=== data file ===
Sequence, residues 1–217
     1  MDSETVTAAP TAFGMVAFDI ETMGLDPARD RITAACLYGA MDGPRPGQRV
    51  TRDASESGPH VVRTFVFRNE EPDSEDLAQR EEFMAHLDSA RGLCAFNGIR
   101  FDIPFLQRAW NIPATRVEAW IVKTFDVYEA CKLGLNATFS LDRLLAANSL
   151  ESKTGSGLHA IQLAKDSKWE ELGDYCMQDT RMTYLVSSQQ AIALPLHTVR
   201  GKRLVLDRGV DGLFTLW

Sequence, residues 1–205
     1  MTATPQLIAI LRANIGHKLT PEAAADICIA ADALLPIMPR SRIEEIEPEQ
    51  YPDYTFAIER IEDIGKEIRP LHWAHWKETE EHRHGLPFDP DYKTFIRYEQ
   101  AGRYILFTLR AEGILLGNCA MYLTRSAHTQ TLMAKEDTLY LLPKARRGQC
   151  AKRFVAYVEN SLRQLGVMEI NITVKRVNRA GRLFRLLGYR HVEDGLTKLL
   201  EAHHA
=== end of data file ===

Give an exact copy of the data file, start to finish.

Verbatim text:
Sequence, residues 1–217
     1  MDSETVTAAP TAFGMVAFDI ETMGLDPARD RITAACLYGA MDGPRPGQRV
    51  TRDASESGPH VVRTFVFRNE EPDSEDLAQR EEFMAHLDSA RGLCAFNGIR
   101  FDIPFLQRAW NIPATRVEAW IVKTFDVYEA CKLGLNATFS LDRLLAANSL
   151  ESKTGSGLHA IQLAKDSKWE ELGDYCMQDT RMTYLVSSQQ AIALPLHTVR
   201  GKRLVLDRGV DGLFTLW

Sequence, residues 1–205
     1  MTATPQLIAI LRANIGHKLT PEAAADICIA ADALLPIMPR SRIEEIEPEQ
    51  YPDYTFAIER IEDIGKEIRP LHWAHWKETE EHRHGLPFDP DYKTFIRYEQ
   101  AGRYILFTLR AEGILLGNCA MYLTRSAHTQ TLMAKEDTLY LLPKARRGQC
   151  AKRFVAYVEN SLRQLGVMEI NITVKRVNRA GRLFRLLGYR HVEDGLTKLL
   201  EAHHA